Unison will seek permission to appeal to the Supreme Court after losing its challenge to the legality of employment tribunal fees.
The trade union is calling for a judicial review into the validity of the fees introduced by the coalition government for workers to take employment disputes to a tribunal.
The Court of Appeal dismissed Unison's appeal after an initial rejection in the High Court.
Figures show claims have dropped by 70% since the introduction of fees, which Unison claims is evidence enough that they are discriminatory and restricting access to justice.
However Lord Justice Underhill dismissed these arguments, saying that the fee system was not generally so unaffordable that there was no effective remedy for claimants under European Union law.
He also noted the government's commitment to a review of the fees regime, and observed: "The decline in the number of claims in the Tribunals following the introduction of the Fees Order is sufficiently startling to merit a very full and careful analysis of its causes.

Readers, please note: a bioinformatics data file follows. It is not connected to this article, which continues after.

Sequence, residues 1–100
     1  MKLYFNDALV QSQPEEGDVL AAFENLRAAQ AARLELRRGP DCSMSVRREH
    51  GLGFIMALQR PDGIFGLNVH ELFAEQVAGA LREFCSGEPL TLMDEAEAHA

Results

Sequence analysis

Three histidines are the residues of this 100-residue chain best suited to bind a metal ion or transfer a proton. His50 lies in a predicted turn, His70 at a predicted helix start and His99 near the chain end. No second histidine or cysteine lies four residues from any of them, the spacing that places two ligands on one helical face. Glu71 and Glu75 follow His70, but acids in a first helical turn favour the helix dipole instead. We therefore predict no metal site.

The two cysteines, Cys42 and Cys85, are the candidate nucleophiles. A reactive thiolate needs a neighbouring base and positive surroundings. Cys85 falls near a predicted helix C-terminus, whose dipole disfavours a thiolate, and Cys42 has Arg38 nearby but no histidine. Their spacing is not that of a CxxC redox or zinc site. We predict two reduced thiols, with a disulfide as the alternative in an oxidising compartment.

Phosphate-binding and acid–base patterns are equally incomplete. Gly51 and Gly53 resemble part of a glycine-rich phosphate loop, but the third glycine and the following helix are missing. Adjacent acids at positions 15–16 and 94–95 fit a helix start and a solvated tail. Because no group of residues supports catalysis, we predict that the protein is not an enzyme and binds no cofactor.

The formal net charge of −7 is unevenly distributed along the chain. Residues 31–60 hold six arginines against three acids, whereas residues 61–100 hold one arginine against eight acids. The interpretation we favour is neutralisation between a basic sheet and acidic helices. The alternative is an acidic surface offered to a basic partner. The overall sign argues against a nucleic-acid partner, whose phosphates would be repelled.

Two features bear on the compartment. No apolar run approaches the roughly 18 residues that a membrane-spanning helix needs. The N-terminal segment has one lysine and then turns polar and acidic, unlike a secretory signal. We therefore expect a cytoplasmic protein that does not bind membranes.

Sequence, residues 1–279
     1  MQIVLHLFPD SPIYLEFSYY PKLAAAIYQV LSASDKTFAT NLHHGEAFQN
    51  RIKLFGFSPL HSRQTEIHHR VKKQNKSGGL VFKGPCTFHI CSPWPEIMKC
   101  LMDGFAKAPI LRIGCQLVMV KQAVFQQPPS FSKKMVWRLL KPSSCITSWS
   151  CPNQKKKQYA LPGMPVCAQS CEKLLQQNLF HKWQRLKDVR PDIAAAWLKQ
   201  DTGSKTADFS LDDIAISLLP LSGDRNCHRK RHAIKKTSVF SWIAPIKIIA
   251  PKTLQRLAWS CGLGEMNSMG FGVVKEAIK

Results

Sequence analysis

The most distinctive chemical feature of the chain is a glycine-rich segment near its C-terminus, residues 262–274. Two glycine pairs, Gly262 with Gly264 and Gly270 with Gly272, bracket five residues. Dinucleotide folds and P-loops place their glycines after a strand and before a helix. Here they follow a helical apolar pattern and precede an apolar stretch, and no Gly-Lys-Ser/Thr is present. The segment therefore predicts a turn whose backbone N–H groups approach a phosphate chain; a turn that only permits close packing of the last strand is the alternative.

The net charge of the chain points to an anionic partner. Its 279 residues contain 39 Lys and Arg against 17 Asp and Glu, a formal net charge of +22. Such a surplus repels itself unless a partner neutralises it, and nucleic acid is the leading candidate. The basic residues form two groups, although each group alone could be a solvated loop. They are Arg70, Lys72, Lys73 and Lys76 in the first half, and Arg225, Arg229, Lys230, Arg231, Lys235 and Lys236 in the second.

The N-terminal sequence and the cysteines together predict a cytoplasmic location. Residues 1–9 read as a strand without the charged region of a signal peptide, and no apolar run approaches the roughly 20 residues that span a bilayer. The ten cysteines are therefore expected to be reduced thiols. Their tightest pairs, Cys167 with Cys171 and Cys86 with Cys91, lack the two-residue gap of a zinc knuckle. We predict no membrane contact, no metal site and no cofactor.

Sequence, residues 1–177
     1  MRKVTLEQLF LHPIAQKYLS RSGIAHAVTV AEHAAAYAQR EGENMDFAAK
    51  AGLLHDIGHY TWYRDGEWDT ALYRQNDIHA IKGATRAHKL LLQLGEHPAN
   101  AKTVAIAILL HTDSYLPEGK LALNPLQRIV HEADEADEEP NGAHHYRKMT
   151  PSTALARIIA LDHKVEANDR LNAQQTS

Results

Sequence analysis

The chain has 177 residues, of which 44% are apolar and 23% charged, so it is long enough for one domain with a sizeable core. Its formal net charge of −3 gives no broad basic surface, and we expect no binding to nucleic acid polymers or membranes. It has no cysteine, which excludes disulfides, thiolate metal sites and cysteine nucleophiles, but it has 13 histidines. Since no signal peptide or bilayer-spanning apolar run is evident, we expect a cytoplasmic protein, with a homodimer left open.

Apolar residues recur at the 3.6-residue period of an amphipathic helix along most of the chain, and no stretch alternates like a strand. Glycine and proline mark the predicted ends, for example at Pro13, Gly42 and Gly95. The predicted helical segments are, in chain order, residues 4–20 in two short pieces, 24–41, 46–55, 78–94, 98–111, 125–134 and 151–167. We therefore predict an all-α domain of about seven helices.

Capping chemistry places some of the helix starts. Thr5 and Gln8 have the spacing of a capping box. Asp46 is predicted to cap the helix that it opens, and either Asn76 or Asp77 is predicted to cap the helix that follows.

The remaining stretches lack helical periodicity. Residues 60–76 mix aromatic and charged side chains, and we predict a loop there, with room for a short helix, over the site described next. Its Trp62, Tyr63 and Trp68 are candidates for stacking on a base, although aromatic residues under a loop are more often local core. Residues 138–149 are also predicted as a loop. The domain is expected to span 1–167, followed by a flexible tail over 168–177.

But he did agree there may be some merit to the case. "If there are good grounds for concluding that part of it is accounted for by claimants being realistically unable to afford to bring proceedings, the level of fees and/or the remission criteria will need to be revisited," he added.
Unison general secretary Dave Prentis said the decision was a "huge disappointment", calling it a "major setback" for working people.
"There is stark evidence workers are being priced out of justice and it is women, the disabled and the low-paid who are being disproportionately punished.
"Our fight for fairness at work and access to justice for all will continue until these unfair and punitive fees are scrapped," he added.
Employment tribunal fees were introduced in July 2013 and start at around £160 but can escalate substantially.
Eversheds Partner Naeema Choudry said: "Although there is no prospect of fees being abolished following the review, we could still see a meaningful reduction in fee levels, especially given that even some employer groups have acknowledged that the current level of fees is too high."
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